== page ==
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The widely reported celebrity nude photo hacking scandal could have an unexpected casualty: Apple.
Unless the company responds quickly to concerns about iCloud security, and shows public concern for people impacted by the hack, the company risks doing permanent damage to its reputation, say two crisis-management experts.
"This is a big skirmish for Apple and will depend on the next couple of days what they do whether it will turn into a real disaster," said Andrew Gilman, president and chief executive of CommCore Consulting.
Apple's next move is critical for the company's standing among consumers, said Gilman in an interview with CNBC.
"Apple needs to do three or four things. First, show care and concern for the celebrities who have had their phones and data hacked. Second, use any and all social media channels to send out information to their fans. And third, actively investigate," Gilman said.
"This is a big hit today to Apple's reputation, the question is how quickly they can do damage control and whether people use their own social media channels and start throwing away their fabulous iPhones for something else," he said.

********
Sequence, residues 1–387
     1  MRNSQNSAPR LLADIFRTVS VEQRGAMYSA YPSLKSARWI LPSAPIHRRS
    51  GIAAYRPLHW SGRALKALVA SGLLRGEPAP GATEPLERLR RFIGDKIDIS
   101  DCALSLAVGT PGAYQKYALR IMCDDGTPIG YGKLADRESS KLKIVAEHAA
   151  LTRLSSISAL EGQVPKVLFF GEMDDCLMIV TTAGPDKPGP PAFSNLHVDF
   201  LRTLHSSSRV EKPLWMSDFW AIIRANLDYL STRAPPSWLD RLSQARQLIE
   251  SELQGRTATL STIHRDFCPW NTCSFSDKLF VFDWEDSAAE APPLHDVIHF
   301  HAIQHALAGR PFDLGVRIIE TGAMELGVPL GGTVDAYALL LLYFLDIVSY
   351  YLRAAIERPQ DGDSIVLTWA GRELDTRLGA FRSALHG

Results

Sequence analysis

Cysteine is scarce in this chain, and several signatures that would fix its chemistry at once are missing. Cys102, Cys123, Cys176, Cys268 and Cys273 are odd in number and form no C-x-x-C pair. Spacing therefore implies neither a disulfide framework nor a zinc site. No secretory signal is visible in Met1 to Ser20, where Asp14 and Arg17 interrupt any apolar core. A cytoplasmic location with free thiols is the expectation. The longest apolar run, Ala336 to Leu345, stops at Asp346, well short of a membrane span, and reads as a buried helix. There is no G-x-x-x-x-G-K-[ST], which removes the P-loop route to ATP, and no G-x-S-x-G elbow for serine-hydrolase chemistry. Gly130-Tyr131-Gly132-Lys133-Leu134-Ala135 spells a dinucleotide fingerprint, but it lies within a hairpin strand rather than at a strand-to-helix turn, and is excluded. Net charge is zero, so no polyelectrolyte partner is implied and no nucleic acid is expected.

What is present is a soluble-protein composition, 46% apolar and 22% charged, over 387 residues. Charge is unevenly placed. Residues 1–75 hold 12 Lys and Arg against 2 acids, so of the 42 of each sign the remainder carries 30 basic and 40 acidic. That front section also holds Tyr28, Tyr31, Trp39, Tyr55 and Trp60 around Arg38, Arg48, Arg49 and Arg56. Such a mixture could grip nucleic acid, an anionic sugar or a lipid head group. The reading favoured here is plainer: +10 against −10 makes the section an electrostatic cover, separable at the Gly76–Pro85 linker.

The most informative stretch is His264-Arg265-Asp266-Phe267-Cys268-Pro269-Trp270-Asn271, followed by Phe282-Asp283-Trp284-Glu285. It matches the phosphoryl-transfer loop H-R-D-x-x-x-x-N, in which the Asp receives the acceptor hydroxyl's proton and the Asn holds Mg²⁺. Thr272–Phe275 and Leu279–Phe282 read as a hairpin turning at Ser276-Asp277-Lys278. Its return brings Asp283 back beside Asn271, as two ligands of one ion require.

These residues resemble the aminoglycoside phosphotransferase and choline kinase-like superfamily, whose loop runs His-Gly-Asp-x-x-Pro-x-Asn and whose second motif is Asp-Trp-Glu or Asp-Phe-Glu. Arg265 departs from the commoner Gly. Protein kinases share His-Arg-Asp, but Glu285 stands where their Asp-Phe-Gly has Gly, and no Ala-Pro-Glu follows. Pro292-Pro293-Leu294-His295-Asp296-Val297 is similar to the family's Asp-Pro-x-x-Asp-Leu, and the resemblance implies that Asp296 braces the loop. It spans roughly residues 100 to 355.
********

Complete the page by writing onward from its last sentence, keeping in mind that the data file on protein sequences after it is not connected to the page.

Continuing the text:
The latest security breaches also raises concern on the safety of Apple's iCloud software.
"Until a long time goes by without a [security] breach of this sort no one is going to feel comfortable," said Eric Dezenhall, president and chief executive of Dezenhall Resources.
"This is a matter of hardening technology. Until that happens, people will be rightly insecure about uploading their photographs anywhere" Dezenhall said.
An email sent to an Apple spokesperson wasn't returned, but Apple issued a statement Tuesday afternoon.
"After more than 40 hours of investigation, we have discovered that certain celebrity accounts were compromised by a very targeted attack on user names, passwords and security questions, a practice that has become all too common on the Internet. None of the cases we have investigated has resulted from any breach in any of Apple's systems including iCloud® or Find my iPhone. We are continuing to work with law enforcement to help identify the criminals involved," the company said.
—By CNBC's Bree Kelly